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Christ Church and All Souls.
feet in length, 40 in breadth and 50 in height, the roof ornamented with nearly 300 coats of arms and other decorations. It is used as a refectory, and is adorned with 110 portraits. The chapel is very quaint and antique. On each side of the Choir are massive Saxon pillars; the roof is of stone-work. The sacramental plate was found in the ruins of Osney abbey. This choir is said to have been, in A. D. 730, a church for nuns. In the centre of the large north window in the west transept is represented the murder of archbishop Becket. In the Dormitory are many curious monuments and relics. Over the tomb of St. Frides wide is a beautiful Gothic shrine. On the monument to Robert Burton, author of the Anatomy of Melancholy, is his bust, a calculation of his nativity, and the following inscription written by himself: "Paucis notus, paucioribus ignotus, hic jacet Democritus Junior, cui vitam dedit, et mortem, Melancholia. Obiit VIII. Id. Jan. A. C. MDCXXXIX.” In the Peckwater quadrangle is the Library, 161 feet in length, containing 12 busts and 295 paintings. Some of these are fine specimens of art, from the Dutch, Flemish and Italian masters, none, however, ranking in the first class. The collection of books, coins, prints, Mss. etc. is large and valuable. In the list of graduates of this college are Atterbury, South, Lyttleton, Bolingbroke, Sidney, Locke, William Penn, Ben Jonson, Canning and Peel.
All Souls, perhaps, comes next to Christ Church in its aristocratic reputation. It was founded by archbishop Chichele, in 1437. It is styled in the charter, "The college of the souls of all the faithful people deceased of Oxford." In the old quadrangle is a dial, contrived by Sir Christopher Wren, when fellow of the college, which, by the help of two half rays, and one whole one for every hour, shows to a minute what is the time. In the chapel is a marble statue of William Blackstone, also a fellow of the college, and professor of Common Law, represented as sitting in his robes, his right hand on a volume of his Commentary, his left holding Magna Charta. In the hall are about thirty portraits of eminent persons. The Library is a noble room, 200 feet long, 39 broad and 40 in height. It has two ranges of book-cases, one above the other, supported by Doric and Ionic pillars. Over the upper book-cases, are placed alternately, bronze-vases and busts. The library is said to contain more than 40,000 volumes. Young, author of the Night Thoughts, and bishop Heber were members of this college.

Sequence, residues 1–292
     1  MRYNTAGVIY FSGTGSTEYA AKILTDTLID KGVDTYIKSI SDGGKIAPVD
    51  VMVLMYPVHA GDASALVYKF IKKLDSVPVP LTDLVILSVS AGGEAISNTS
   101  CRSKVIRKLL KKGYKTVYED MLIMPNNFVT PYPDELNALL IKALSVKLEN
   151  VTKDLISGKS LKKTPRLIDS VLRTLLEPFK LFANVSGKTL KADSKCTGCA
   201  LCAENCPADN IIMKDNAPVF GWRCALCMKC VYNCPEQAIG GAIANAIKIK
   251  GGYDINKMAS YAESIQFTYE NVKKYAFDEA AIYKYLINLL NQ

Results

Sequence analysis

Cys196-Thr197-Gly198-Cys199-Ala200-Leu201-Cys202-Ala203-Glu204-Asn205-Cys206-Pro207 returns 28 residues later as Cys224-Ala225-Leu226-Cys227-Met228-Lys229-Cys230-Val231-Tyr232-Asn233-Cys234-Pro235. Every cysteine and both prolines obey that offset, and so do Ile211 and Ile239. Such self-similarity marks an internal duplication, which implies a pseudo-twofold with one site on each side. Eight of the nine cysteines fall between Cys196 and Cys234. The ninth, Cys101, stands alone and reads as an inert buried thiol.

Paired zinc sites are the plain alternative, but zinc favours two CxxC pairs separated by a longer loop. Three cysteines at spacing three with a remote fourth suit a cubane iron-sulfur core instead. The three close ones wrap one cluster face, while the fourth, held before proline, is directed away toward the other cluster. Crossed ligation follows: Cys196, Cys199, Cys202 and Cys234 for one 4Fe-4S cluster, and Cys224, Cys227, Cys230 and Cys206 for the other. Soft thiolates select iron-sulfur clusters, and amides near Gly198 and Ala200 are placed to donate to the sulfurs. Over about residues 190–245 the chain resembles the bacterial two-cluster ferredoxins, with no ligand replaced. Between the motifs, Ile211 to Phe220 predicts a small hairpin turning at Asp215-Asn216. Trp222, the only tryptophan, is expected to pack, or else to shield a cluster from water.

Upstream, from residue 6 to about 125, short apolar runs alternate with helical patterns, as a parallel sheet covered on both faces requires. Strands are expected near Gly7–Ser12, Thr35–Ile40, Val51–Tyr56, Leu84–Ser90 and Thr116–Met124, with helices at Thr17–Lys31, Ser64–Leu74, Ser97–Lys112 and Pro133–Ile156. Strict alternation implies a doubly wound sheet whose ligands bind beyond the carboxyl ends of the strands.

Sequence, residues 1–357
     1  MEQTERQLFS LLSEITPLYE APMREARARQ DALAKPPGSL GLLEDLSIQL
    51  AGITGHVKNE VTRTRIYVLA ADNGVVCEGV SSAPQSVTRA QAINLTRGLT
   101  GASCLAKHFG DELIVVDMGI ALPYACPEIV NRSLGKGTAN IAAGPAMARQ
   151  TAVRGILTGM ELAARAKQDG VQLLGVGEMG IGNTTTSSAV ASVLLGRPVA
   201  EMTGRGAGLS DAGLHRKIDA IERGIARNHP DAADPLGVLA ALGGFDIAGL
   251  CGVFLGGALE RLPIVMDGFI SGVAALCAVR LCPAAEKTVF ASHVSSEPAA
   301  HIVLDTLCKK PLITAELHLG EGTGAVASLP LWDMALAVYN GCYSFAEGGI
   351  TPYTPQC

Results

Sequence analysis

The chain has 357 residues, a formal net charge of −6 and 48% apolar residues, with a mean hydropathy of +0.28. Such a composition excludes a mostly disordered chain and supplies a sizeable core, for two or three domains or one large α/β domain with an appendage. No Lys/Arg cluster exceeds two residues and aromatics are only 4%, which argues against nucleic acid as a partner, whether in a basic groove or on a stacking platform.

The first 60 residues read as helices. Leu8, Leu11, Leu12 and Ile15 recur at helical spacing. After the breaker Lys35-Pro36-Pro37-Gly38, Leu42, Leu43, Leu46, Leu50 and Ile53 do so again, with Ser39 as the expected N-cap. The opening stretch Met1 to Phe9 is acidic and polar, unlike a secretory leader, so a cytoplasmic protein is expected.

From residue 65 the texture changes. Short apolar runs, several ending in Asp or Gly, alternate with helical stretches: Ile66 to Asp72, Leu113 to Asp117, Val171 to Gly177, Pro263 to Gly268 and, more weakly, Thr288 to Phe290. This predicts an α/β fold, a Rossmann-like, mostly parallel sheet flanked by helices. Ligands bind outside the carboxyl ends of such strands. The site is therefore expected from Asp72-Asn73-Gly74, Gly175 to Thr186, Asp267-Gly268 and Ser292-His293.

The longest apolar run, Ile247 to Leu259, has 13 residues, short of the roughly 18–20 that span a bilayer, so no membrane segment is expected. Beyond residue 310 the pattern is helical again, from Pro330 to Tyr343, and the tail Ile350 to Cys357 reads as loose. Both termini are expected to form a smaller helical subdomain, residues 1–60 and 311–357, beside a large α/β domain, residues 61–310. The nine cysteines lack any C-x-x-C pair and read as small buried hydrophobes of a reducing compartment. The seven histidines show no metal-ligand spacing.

Balliol college, situated on Broad-street, has some interesting
reminiscences. In the city-ditch, now the site of the houses on the opposite side of the street, Ridley and Latimer suffered martyrdom by fire, Oct. 16, 1555, and Cranmer, March 21 of the following year. They were confined sometime in Bocardo prison, which was over the north-gate and crossed Corn-market street, adjoining the tower of St. Michael's Church. Cranmer is said to have ascended the top of the tower in which he was confined to witness the execution of his companions, where he kneeled down and prayed to God to strengthen their faith. Near Balliol College on the west is the church of St. Mary Magdalene, originally built, it is supposed, before the Norman conquest. In 1940, there was attached to the north side of this church an aisle, called the " Martyrs' aisle." In the wall the identical door of the Bocardo prison is inserted. In the sunk panels of the buttresses, the armorial bearings of Cranmer, Ridley and Latimer, with those of their respective sees, are introduced, together with the initials of their names and various emblematic devices, e. g. the hand of Cranmer in the flames, an open Bible, the palm of triumph crossed by the fire-brand of torture, etc.1 At the north end of the churchyard, another honorary monument has been erected, in the form of the memorial crosses erected by Edward I. to his queen Eleanor, and also like the one at Godesberg near Bonn, and also the elegant Gothic spire, the “beautiful fountain," Schöner Brunnen, at Nuremberg. The height is 73 feet, the form is a hexagon. It has rich decorations of niches, canopies, pediments, buttresses and pinnacles. The stone is a finely crystallized magnesian limestone, selected by Prof. Buckland. The figures of the martyred prelates were carved by Henry Weeks. On the three intermediate sides of the hexagon are the following symbols on shields, viz. the crown of thorns and the crown of glory—the sacramental cup and an open Bible-two crossed palm-branches and two crossed fire-brands. The whole structure is very appropriate and of exceeding beauty. The following is the inscription on the north face of the basement: To the glory of God, and in grateful commemoration of his servants, Thomas Cranmer, Nicholas Ridley, Hugh Latimer, prelates of the church of England, who, near this spot, yielded their bodies to be burned; bearing witness to the sacred truths which they had affirmed and maintained against the errors of the church of Rome; and rejoicing